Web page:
The European Space Agency (ESA) has officially closed contact with the Philae lander that resides on the surface of comet 67P in our Solar System on July 27th, 2016. The lander touched down on the comet’s surface in 2014 and was supposed to grab samples of the comet’s surface and report its finding back to its mother ship.
Orbiting the same comet is a spacecraft known as Rosetta, and that spacecraft, which was Philae’s mother ship, is getting closer to the end of its life.
As the European Space Agency has continued to go without hearing back from Philae all while the comet continues to move away from the Sun where the Sun’s rays can’t power the lander, it seemed like saving power onboard Rosetta was the best thing to do.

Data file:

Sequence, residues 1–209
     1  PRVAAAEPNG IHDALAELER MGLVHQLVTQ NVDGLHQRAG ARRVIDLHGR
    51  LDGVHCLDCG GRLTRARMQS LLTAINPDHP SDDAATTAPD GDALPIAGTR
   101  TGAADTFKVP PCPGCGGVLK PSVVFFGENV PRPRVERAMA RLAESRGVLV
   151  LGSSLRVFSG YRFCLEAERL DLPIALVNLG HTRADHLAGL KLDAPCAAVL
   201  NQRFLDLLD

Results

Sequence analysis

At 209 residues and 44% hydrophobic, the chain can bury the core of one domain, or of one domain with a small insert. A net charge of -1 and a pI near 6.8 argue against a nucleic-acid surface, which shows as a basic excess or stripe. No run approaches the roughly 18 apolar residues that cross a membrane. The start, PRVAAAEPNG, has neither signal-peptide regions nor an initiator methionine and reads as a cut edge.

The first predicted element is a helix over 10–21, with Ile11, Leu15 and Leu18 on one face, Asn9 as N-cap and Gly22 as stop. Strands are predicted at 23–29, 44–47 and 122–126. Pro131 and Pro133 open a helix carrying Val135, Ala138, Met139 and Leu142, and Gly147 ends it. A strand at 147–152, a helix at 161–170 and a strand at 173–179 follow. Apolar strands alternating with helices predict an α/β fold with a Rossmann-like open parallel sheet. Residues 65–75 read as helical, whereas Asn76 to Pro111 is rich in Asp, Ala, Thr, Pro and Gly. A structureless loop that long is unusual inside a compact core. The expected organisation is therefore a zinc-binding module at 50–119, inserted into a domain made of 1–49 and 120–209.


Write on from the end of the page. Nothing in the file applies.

As a result, the ESA has officially turned off the Electrical Support System Processor Unit (ESS) on the Rosetta spacecraft, which means that Rosetta is now on its own and will no longer be able to talk to Philae (not that it was able to anyways).
Philae hasn’t been heard from for an entire year, and holding off until now has been hard enough of a decision to make since it had seemed like the lander would never wake up again.
The ESA says that near the end of July, Rosetta will be so far away from the Sun that it will just continue to lose up to 4W of power each day.
Turning off the ESS and other unnecessary components is a way for the spacecraft to save its power up so scientific observations can continue for at least a couple more months following the change.
Rosetta has captured some pretty amazing photographs of the comet over its lifetime. Among those are photos of 67P’s odd dual-lobed shape, and even close-ups of 67P’s sinkholes. It's unknown what else the ESA plans to study over the course of the next two months.
Soon, it'll all be over, and the ESA can focus their energy on new places to explore.
Source: European Space Agency, Twitter